Due to the abnormal development of adipose tissue and excessive accumulation of triglycerides, many severe clinical complications of CGL occur [10, 11]. These clinical complications such as hyperglycemia, hyperlipidemia, diabetes, hepatomegaly and fatty liver were observed in our patients. Other associated anomalies include almost complete absence of adipose tissue, skeletal muscle hypertrophy and mild intellectual impairment, which were not all noticed in our neonate . Although metabolic abnormalities such as hyperinsulinemia and IR can occur early in the disease, 25–35% of CGL patients with IR develop diabetes between ages of 15 and 20 years . A similar report was published by Van Maldergem et al. in which the authors reported a CGL patient diagnosed at 4 months, diabetes was diagnosed by 15 years . Similarly, another report found a child who was diagnosed at 9 months of age with CGL and also developed diabetes 13 years later . Finally, a series of case reports published by Indumathi et al. and Friguls et al., found that children with CGL2 developed diabetes at the age of 4–5 months [11, 13, 14]. In our case study, our neonate developed diabetes at a very early age of 12 days and is the youngest reported CGL patient with diabetes so far. Early diabetes can increase the risk of developing acute infections and cardiovascular diseases and lead to poor prognosis of the nervous system.
We tried to found the causes of early onset diabetes from genetic analysis. In our report, patient’s BSCL2 gene carried heterozygous mutations and the mutations were both classified as pathogenic. Compared with other types of CGL, patients with BSCL2 mutations had an earlier onset of diabetes . Through literature review, we found and compared clinical features of other cases sharing hemizygous mutation with ours. A similar report found an identical mutation [c.565G > T (p.Glu189*)] in a 7-year-old child and a 4-month-old infant [13, 15]. Both of whom were found to be homozygous for this mutation and presented with hyperinsulinemia, early onset diabetes, hypertriglyceridemia and cardiac phenotype. Early-onset diabetes and hypertriglyceridemia were main characteristics in our case of study (Table 1). It may be associated with the substitution of glutamic acid at codon 189 with a stop codon. So far, the cases in our report have not had cardiac and neurological abnormalities. Another mutation [c.793C > T (p.Arg265*)] in our case was firstly reported by Guillen-Navarro et al.  as c.985C > T. They reported six children with the same c.985C > T mutation including homozygous and heterozygous mutation. Children with homozygous mutations showed mild clinical features of CGL2 yet suffered from progressive encephalopathy from 2-year-old and death at the age of 6–8 years. The patients with heterozygous mutations showed typical CGL phenotypes in addition to similar neurological processes to homozygous patients. This mutation can result in complete jump of exon 7, altered reading frames, early termination and abnormal protein expression which eventually leads to extremely severe nervous system syndrome. Our patient with heterozygous mutations showed typical CGL phenotypes shortly after birth and with no neurological symptoms so far. Given her genetic background and relevant reports, clinicians should pay more attention to neurodevelopment and cardiac abnormalities. She may have some of the above complications during growth. Unfortunately, parents did not follow our advice to follow up regularly at the hospital.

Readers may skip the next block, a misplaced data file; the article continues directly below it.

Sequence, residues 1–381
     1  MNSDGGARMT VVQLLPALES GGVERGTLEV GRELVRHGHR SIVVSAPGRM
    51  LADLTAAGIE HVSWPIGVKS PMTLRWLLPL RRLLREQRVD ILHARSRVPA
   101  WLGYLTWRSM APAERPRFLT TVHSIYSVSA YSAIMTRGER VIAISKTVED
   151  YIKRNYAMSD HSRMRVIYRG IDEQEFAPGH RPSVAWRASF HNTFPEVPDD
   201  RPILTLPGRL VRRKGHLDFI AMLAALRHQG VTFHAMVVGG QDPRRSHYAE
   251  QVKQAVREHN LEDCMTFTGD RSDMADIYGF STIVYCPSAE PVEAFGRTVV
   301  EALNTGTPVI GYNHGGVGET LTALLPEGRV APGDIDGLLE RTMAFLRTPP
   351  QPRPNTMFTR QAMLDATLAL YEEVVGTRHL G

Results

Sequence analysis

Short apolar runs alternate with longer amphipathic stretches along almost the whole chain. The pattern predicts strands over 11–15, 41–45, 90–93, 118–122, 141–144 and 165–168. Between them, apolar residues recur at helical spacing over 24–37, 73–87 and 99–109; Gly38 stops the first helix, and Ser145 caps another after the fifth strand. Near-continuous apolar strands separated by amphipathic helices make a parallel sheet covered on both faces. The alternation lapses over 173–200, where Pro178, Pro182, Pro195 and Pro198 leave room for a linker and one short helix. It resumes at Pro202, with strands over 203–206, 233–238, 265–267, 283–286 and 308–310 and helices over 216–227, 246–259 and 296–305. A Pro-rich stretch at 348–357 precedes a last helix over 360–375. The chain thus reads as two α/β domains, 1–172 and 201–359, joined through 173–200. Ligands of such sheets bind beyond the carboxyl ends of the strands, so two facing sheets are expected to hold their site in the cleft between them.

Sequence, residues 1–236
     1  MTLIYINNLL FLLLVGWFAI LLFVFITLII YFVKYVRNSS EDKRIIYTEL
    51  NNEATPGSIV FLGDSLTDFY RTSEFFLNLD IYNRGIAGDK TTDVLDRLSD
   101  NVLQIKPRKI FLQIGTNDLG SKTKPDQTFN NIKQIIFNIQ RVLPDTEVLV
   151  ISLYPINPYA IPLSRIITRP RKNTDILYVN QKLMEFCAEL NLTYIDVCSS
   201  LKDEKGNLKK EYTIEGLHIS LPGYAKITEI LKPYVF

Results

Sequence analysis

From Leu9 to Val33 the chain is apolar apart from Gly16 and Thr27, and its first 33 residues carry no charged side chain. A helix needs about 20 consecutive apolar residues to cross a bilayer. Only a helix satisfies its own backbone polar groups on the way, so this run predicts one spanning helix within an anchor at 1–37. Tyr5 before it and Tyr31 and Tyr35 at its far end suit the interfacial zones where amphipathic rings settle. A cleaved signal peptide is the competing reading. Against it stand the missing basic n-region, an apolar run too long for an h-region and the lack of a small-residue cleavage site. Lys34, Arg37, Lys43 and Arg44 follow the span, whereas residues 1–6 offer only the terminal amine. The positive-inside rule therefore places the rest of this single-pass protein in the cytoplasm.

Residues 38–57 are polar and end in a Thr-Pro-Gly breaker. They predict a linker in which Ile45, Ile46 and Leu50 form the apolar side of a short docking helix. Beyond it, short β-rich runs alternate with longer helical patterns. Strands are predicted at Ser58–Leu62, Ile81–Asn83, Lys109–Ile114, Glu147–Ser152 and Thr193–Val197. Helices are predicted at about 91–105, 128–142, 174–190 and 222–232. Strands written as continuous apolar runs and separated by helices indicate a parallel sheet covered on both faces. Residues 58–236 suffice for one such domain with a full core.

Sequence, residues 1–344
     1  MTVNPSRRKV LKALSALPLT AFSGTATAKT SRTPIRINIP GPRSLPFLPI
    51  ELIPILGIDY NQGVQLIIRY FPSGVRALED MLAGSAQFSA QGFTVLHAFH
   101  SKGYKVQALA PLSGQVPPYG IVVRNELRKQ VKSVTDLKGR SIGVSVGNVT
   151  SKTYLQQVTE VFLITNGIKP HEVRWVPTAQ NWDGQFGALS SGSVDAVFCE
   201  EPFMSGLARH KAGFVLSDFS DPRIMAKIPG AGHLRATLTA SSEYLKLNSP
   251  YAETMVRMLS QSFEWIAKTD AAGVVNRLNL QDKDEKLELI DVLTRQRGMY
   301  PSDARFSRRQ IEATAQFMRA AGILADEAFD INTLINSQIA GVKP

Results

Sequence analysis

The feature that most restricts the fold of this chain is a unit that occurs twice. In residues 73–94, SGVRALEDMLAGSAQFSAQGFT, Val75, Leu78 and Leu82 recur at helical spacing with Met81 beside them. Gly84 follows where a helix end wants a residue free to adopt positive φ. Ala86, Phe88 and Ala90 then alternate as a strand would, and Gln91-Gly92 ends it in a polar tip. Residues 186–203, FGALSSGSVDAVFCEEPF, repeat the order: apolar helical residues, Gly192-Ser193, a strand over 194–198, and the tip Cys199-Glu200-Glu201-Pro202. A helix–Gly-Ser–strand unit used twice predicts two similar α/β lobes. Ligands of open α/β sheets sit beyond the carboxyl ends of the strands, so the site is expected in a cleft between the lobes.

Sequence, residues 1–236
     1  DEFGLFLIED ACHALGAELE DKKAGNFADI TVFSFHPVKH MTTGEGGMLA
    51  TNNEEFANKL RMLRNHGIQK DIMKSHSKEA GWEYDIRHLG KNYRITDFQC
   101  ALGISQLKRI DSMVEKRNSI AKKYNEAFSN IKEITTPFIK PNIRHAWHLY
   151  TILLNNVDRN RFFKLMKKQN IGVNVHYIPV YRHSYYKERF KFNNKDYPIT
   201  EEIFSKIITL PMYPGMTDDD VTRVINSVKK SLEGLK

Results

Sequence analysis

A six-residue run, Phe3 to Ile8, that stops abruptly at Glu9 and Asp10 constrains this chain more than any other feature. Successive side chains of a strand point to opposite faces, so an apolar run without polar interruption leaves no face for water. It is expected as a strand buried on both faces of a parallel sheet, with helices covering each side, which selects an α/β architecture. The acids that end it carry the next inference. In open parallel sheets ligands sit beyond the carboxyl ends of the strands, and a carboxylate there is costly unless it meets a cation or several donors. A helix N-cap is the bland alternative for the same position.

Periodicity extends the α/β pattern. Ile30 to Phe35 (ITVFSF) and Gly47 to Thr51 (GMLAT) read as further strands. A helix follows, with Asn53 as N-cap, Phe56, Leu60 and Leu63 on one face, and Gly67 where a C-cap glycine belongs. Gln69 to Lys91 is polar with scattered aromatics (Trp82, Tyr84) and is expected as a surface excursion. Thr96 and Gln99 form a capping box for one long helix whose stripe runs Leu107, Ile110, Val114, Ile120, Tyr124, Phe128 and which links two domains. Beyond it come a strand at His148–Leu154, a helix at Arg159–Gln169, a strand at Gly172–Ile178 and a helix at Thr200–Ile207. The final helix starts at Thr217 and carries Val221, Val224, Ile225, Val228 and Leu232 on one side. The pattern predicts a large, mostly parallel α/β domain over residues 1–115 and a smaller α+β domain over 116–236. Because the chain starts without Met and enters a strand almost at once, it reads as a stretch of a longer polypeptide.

To date, infection may be related to the early onset diabetes. Our patient was hospitalized for refuse milk, drowsiness and fever. Laboratory results also suggest the presence of infection. After anti-infection and other symptomatic treatments, the symptoms of hyperglycemia and hyperlipidemia can be easily controlled and improved. Qin et al. also reported a 3-month-old boy occurred diarrhea with diabetes 1 month prior to the diagnosis of CGL. We speculate that the abnormal lipid metabolism caused by CGL will cause abnormal immune function and aggravate the symptoms of infection. Patients with CGL should be followed up closely to avoid acute infections.
There is no cure for CGL currently. Therapies to treat individuals with CGL include drug therapy, diet control, prevention of complications, and rehabilitation therapy. These treatments are mainly based on blood glucose and blood lipid control. Early intervention were used to reduce diabetes-related complications and cardiovascular risks. According to the therapeutical recommendations, our patient was treated with insulin and fed with deeply hydrolyzed formula, leading to FBG in normal ranges and a prompt decline of serum triglycerides level. The patient found slow weight gain and liver dysfunction at 5 months of age. In conclusion, our case reminds the importance of early identification, genetic analysis, and symptomatic treatment in the CGL, which are essential for improving the prognosis of children. Subsequent close follow-up of hepatic metabolic function, abdominal and cardiac ultrasound and intellectual development are necessary.
Availability of data and materials
Clinical data from the corresponding author will be available upon request.
Clinical exome sequencing
Congenital generalized lipodystrophy
C reactive protein
Human Gene Mutation Database
Neonatal intensive care unit
White blood cells
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The patient in our case report was a newborn with no capacity for civil conduct. The patient’s guardian provided written informed consent for the publication of this case report on behalf of the patient.
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Yang, Y., Ma, L., Sun, J. et al. The neonatal onset diabetes mellitus of Chinese neonate with congenital generalized lipodystrophy 2: a case report. BMC Endocr Disord 22, 83 (2022). https://doi.org/10.1186/s12902-022-00992-x
- Congenital generalized lipodystrophy
- Metabolic disorders
- Case report